Largely a wrapper for the arima function in the stats package. The main difference is that this function allows a drift term. It is also possible to take an ARIMA model from a previous call to Arima and re-apply it to the data y.

Arima(y, order = c(0, 0, 0), seasonal = c(0, 0, 0), xreg = NULL,
  include.mean = TRUE, include.drift = FALSE, include.constant,
  lambda = model$lambda, biasadj = FALSE, method = c("CSS-ML", "ML",
  "CSS"), model = NULL, x = y, ...)

Arguments

y

a univariate time series of class ts.

order

A specification of the non-seasonal part of the ARIMA model: the three components (p, d, q) are the AR order, the degree of differencing, and the MA order.

seasonal

A specification of the seasonal part of the ARIMA model, plus the period (which defaults to frequency(y)). This should be a list with components order and period, but a specification of just a numeric vector of length 3 will be turned into a suitable list with the specification as the order.

xreg

Optionally, a vector or matrix of external regressors, which must have the same number of rows as y.

include.mean

Should the ARIMA model include a mean term? The default is TRUE for undifferenced series, FALSE for differenced ones (where a mean would not affect the fit nor predictions).

include.drift

Should the ARIMA model include a linear drift term? (i.e., a linear regression with ARIMA errors is fitted.) The default is FALSE.

include.constant

If TRUE, then include.mean is set to be TRUE for undifferenced series and include.drift is set to be TRUE for differenced series. Note that if there is more than one difference taken, no constant is included regardless of the value of this argument. This is deliberate as otherwise quadratic and higher order polynomial trends would be induced.

lambda

Box-Cox transformation parameter. Ignored if NULL. Otherwise, data transformed before model is estimated.

biasadj

Use adjusted back-transformed mean for Box-Cox transformations. If TRUE, point forecasts and fitted values are mean forecast. Otherwise, these points can be considered the median of the forecast densities.

method

Fitting method: maximum likelihood or minimize conditional sum-of-squares. The default (unless there are missing values) is to use conditional-sum-of-squares to find starting values, then maximum likelihood.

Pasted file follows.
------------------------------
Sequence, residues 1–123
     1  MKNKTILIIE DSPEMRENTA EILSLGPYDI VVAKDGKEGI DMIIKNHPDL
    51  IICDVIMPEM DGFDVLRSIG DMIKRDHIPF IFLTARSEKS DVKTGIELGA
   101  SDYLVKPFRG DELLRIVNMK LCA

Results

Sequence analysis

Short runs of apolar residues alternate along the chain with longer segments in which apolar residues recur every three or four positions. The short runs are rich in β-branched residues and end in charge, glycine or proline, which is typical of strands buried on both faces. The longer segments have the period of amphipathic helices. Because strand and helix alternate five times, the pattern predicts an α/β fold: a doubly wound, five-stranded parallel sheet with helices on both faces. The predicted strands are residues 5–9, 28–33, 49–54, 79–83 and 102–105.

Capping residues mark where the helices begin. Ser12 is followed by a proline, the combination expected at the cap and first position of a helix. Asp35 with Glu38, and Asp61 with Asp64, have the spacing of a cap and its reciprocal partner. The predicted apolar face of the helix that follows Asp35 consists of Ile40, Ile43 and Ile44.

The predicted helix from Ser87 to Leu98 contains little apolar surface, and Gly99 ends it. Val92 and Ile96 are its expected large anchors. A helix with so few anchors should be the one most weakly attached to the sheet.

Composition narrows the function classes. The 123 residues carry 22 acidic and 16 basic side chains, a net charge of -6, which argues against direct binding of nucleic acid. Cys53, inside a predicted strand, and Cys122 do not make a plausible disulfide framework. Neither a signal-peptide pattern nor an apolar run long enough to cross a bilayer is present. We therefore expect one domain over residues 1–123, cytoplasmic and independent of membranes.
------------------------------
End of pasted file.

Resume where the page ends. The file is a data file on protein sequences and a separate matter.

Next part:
model

Output from a previous call to Arima. If model is passed, this same model is fitted to y without re-estimating any parameters.

x

Deprecated. Included for backwards compatibility.

...

Additional arguments to be passed to arima.

Value

See the arima function in the stats package. The additional objects returned are

x

The time series data

xreg

The regressors used in fitting (when relevant).

Details

See the arima function in the stats package.

See also

auto.arima, forecast.Arima.

Examples

library(ggplot2) WWWusage %>% Arima(order=c(3,1,0)) %>% forecast(h=20) %>% autoplot
# Fit model to first few years of AirPassengers data air.model <- Arima(window(AirPassengers,end=1956+11/12),order=c(0,1,1), seasonal=list(order=c(0,1,1),period=12),lambda=0) plot(forecast(air.model,h=48))
lines(AirPassengers)
# Apply fitted model to later data air.model2 <- Arima(window(AirPassengers,start=1957),model=air.model) # Forecast accuracy measures on the log scale. # in-sample one-step forecasts. accuracy(air.model)
#> ME RMSE MAE MPE MAPE MASE ACF1 #> Training set 0.3576253 7.89734 5.788344 0.1458472 2.670181 0.1982148 0.05807465
# out-of-sample one-step forecasts. accuracy(air.model2)
#> ME RMSE MAE MPE MAPE MASE #> Training set 0.5159268 12.13132 8.14054 0.07949083 1.900931 0.2266508 #> ACF1 #> Training set -0.2166661
# out-of-sample multi-step forecasts accuracy(forecast(air.model,h=48,lambda=NULL), log(window(AirPassengers,start=1957)))
#> ME RMSE MAE MPE MAPE MASE #> Training set 0.35762533 7.8973404 5.78834425 0.1458472 2.670181 0.1982148 #> Test set -0.08403416 0.1031891 0.08801596 -1.3982000 1.463555 0.0030140 #> ACF1 Theil's U #> Training set 0.05807465 NA #> Test set 0.75730561 0.9290965